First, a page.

Stories of members of families of missing persons from the last war in Kosovo (5)

Interview with: Milorad Trifunović | Photo: Korab Krasniqi

"If there was a tomb where I could place flowers"

Miroslav Trifunovic had returned to Kosovo after several years of living abroad. He was 43 and was thinking of marrying and creating a family. He worked in the Belacevac surface coal mining. He even built a floor of the house he would live in when he married.  

In June 1998, he was about to go to the beach with his girlfriend, so they would have the wedding when they came back. One morning he was going to work with some colleagues to get the salary before leaving for vacation. His brother Milorad, a member of the Commission for Missing Persons in the Government of Kosovo, shows that this would be the last time he saw him alive.   

Milorad Trifunovic: Narration in first person 

I was born in the village of Slakovc in the municipality of Vucitrn. There I lived until I was 8 years old. When the village school was closed, I had to live in the village of Plemetin with my grandparents, mother's parents, and until the seventh grade I went to school in Priluzje. Then I came to Vucitrn. We have been displaced from the village in Vucitrn where the mother and father worked. The father was Tito's warrior; he went as a soldier as a minor, and therefore he only completed four years of school. But at that time he was a director of an agricultural cooperative.  

I had four brothers, now I have two left. I also have a sister. My father died in 2004 and mother in 2008. We lived in a working family, very happy. I had a grandfather, a grandmother, and two aunts. They have gone their way, and my grandparents died. We have stayed in Vucitrn and were among the most valuable families.  

Father was even a jury member in court until we left, as well as at the peace council at the time, where there were five Albanians and a Serb, a kind of closed organization formed by the people of villages to resolve conflicts, largely non-national. He pacified both Albanians and Serbs alike, when they had problems because of their field and land borders. There were sometimes hits with an ax, shovel or broom involved, but people were alive. These were the sort of advice that prevented people from ending up in courts, but solved their problems peacefully.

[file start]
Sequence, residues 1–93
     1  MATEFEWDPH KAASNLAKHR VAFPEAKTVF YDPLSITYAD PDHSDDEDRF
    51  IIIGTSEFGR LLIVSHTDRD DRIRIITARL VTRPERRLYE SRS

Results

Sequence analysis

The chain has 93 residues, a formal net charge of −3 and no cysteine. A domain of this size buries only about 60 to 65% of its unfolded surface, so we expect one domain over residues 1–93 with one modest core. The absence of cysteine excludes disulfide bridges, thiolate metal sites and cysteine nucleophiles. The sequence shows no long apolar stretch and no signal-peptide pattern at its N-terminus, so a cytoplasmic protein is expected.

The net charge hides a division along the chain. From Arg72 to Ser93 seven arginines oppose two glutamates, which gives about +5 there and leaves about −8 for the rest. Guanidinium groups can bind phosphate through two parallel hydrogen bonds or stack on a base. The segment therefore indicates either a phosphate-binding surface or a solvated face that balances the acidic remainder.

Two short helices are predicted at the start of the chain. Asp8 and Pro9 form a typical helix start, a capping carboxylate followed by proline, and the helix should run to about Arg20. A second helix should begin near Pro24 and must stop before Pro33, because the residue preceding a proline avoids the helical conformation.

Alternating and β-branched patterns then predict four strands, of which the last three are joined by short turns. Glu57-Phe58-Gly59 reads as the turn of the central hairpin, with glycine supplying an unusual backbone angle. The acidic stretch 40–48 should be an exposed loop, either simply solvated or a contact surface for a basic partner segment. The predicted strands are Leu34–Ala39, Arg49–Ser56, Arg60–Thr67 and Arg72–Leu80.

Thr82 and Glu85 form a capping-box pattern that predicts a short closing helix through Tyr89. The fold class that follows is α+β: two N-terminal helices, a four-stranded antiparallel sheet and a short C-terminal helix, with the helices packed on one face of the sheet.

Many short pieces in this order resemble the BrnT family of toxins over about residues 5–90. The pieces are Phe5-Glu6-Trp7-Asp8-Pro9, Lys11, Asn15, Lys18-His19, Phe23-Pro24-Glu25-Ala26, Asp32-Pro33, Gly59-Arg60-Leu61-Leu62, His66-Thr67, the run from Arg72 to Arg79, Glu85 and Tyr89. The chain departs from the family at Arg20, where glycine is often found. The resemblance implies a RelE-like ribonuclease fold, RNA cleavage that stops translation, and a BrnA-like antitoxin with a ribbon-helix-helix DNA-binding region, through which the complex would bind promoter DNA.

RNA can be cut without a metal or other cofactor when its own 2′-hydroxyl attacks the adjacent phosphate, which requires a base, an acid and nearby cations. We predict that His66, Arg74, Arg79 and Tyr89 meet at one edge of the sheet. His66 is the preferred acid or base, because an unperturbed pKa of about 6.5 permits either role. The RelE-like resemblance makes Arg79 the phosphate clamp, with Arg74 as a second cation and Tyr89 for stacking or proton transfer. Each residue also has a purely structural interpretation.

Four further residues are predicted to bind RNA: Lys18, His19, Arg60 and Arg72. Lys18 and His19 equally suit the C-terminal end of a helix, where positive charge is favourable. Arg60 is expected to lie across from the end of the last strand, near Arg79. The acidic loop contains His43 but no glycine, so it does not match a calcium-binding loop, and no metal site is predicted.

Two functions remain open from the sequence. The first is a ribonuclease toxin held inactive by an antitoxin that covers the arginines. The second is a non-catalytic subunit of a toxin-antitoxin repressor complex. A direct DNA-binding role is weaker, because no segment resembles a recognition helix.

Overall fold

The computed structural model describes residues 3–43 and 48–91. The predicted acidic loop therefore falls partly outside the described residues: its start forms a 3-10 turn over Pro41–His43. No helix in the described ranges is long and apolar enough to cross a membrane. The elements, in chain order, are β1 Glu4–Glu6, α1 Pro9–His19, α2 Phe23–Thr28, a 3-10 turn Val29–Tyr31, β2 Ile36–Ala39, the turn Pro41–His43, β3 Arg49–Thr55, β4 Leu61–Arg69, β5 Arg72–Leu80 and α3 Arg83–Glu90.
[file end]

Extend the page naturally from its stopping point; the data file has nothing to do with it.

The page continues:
There was more tolerance among people then. I suffer for those times when we lived happily, worked, went to each other for weddings, religious holidays, Christmas, sacrifices, baptisms, and so on. There have been good times. They will never come back; at least I will not experience them. But I will fight for them to return. 

I had a very difficult childhood. I was the first child of my parents and always the victim of everything. I started to work since I was little. In the seventh and eighth grade I went to the farm cooperative, digging the earth, earning money for the family, because families with many members tend to eat a lot.  

Then, all the brothers came to work for strong companies. The missing brother worked for Hydro-Montage in Belgrade, and at the Obilic power plant, as well as my wife later, a brother worked for Bellacevac mine, and one was also vice-president of the municipality of Vucitrn. He has completed the faculty, the high technical school, which at that time was stronger than the faculties today. I first graduated from the school, but I could not get hired, so I did a course for the crafts, then I enrolled into the high technical school and I became an engineer.  

I worked in Power Plant Kosova B, as a supply and innovation engineer, and I received the 1st May award. I worked with Albanians and later, in the overhaul I have led, we were 34, of them only 6 Serbs. Another Albanian colleague later received the May 1 reward. Then it was the greatest reward given to Kosovo and Metohija for innovation. This is the stamp that I show to my grandsons, and they look at it with admiration and sometimes they ask me, "Grandpa, you really were a worker." And I'm fine. I have seven grandchildren and I want them all to become workers, to work, to live, not to be ashamed of any work, except for the evils and thefts.